(CNN) — Dressed in white, Pope Francis greeted a sea of Catholics carrying flags from around the world Sunday in his first Easter Mass as pope.
Shortly after the Mass at St. Peter’s Square, Francis delivered his Urbi et Orbi — “to the city and the world” — blessing from his papal balcony in the Vatican.
The pope asked “the risen Jesus, who turns death into life,” for peace in beleaguered parts of the world.
He asked for peace in the Middle East, particularly between Israelis and Palestinians “who struggle to find the road of agreement … to end a conflict that has lasted all too long.”
He also called for peace for Syrians — both those devastated by violence in the country and refugees in need of help — and asked for harmony in Mali, the Central African Republic and on the Korean Peninsula.
The pope was elected almost three weeks ago, succeeding Benedict XVI. A former Argentine cardinal, he became the first non-European pope of the modern era, the first from Latin America, the first Jesuit and the first to assume the name Francis.
Already, Francis has repeatedly veered from tradition. Three days ago, on Holy Thursday, he went to a youth detention center in Rome — rather than the city’s chief cathedral — and washed the feet of a dozen young detainees.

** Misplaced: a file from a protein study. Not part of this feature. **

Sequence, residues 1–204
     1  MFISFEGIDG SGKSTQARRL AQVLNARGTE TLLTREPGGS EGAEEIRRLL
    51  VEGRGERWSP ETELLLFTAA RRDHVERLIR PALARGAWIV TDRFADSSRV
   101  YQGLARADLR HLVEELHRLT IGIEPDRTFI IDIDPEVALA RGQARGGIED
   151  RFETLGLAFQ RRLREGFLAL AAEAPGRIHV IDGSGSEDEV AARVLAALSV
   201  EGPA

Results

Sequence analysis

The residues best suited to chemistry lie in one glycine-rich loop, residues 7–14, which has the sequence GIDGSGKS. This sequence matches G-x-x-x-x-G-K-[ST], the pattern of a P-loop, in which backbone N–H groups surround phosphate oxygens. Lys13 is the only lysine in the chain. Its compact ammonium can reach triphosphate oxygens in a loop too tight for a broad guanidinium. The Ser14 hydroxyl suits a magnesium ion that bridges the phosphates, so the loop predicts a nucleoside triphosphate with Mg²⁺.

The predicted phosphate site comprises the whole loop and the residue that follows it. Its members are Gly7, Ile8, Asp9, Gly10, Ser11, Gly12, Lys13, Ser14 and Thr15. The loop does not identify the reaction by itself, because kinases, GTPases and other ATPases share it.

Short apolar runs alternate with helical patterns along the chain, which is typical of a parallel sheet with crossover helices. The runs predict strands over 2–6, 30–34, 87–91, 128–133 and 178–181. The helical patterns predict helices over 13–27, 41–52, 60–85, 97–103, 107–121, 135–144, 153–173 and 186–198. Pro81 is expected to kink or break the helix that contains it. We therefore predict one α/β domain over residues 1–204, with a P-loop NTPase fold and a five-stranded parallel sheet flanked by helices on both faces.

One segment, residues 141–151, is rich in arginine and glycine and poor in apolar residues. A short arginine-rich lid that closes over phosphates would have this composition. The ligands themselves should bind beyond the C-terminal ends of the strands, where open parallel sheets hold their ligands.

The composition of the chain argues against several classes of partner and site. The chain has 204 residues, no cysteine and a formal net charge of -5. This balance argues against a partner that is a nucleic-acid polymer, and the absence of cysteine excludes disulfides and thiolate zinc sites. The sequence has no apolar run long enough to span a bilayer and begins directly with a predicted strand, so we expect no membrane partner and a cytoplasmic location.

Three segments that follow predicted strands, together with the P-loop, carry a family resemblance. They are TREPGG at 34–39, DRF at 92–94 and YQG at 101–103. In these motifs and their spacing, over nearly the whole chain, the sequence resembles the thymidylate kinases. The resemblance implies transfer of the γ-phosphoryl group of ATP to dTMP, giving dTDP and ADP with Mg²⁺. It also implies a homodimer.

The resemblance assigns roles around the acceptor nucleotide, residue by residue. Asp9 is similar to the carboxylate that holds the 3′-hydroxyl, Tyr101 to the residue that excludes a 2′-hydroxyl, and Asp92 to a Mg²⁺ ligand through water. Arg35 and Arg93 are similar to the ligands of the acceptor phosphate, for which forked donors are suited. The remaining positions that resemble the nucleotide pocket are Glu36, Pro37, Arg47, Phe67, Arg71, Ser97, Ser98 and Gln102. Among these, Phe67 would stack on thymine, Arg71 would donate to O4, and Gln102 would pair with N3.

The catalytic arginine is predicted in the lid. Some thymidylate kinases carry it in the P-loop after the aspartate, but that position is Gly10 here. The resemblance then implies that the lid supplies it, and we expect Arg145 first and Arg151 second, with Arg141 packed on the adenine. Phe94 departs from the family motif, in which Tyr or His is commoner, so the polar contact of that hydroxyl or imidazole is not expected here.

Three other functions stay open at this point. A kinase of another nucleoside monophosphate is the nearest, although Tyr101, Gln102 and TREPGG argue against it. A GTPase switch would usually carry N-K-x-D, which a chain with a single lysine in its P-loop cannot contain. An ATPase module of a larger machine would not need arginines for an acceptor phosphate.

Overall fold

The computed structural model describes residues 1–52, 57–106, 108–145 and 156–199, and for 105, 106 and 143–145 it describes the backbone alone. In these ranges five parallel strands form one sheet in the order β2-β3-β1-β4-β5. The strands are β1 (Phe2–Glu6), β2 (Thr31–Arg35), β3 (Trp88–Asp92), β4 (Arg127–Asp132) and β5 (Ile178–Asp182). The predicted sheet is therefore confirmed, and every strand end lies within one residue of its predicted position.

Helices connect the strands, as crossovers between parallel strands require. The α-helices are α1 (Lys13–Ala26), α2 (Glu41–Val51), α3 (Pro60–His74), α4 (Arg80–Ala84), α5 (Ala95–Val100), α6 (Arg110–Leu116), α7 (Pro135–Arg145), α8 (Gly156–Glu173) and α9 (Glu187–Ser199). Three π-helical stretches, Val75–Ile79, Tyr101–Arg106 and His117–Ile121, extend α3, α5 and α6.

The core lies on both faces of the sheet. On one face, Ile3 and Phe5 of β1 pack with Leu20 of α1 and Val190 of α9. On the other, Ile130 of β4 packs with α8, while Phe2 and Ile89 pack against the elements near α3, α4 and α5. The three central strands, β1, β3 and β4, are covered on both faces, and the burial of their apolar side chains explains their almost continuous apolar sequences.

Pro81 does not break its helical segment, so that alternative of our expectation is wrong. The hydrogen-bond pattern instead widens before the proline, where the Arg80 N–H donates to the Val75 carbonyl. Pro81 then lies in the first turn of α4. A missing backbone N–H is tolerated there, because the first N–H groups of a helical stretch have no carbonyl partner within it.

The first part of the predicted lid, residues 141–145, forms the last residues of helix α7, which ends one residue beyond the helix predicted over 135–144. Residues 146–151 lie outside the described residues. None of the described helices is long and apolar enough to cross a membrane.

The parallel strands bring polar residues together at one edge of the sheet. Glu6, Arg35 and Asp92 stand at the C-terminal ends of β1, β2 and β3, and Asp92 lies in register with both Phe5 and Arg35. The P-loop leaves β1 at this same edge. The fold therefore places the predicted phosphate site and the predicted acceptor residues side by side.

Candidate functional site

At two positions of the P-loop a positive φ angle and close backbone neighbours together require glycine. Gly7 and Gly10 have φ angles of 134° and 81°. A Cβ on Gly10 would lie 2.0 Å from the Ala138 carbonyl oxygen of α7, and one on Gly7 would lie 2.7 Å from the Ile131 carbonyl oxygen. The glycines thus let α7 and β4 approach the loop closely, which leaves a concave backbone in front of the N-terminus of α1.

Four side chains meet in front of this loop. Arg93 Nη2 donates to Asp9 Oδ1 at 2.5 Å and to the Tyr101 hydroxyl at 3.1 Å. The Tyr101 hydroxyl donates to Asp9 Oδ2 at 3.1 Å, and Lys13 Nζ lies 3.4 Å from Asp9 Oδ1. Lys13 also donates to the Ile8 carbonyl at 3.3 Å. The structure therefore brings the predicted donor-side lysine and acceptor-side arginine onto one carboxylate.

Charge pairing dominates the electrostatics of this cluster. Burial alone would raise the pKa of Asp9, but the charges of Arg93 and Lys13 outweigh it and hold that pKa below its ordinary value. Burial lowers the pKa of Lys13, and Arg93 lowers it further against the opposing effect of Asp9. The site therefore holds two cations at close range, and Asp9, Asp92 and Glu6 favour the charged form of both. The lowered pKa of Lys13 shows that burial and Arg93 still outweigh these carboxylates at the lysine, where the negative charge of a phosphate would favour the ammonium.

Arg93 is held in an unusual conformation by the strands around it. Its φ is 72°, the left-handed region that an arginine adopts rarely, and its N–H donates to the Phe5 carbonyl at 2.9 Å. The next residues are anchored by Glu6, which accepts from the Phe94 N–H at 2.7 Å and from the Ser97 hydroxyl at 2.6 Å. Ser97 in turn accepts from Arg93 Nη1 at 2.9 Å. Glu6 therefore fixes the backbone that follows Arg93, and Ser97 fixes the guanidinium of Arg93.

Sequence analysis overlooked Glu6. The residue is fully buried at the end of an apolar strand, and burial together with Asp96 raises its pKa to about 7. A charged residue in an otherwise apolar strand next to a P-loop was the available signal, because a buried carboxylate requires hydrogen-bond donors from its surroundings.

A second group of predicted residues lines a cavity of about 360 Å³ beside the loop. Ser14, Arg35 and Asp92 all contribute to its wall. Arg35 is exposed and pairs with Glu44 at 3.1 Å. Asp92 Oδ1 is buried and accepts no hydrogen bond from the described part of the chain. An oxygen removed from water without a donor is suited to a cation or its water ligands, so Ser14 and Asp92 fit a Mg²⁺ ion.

Among the group at the Casal del Marmo were two females and two Muslims.
The pontiff poured water over the young offenders’ feet, wiped them with a white towel and kissed them. In his homily, given to about 50 young offenders, he said everyone should help one another.
“As a priest and as a bishop, I should be at your service. It is a duty that comes from my heart,” he said.
The act of foot-washing is part of the Christian tradition that mirrors Jesus’ washing of his disciples’ feet.
Francis’ decision to include two females — an Italian and an Eastern European — in the ceremony disturbed some traditionalists, who believe the 12 people should reflect the 12 male Apostles.
The Vatican Press Office responded Friday to “questions and concerns” related to the pope’s washing the young offenders’ feet, calling it a “simple and spontaneous gesture of love, affection, forgiveness and mercy.”
“When Jesus washed the feet of those who were with him on the first Holy Thursday, he desired to teach all a lesson about the meaning of service, using a gesture that included all members of the community,” the office said in a statement. “… To have excluded the young women from the ritual washing of feet … would have detracted our attention from the essence of the Holy Thursday gospel, and the very beautiful and simple gesture of a father who desired to embrace those who were on the fringes of society.”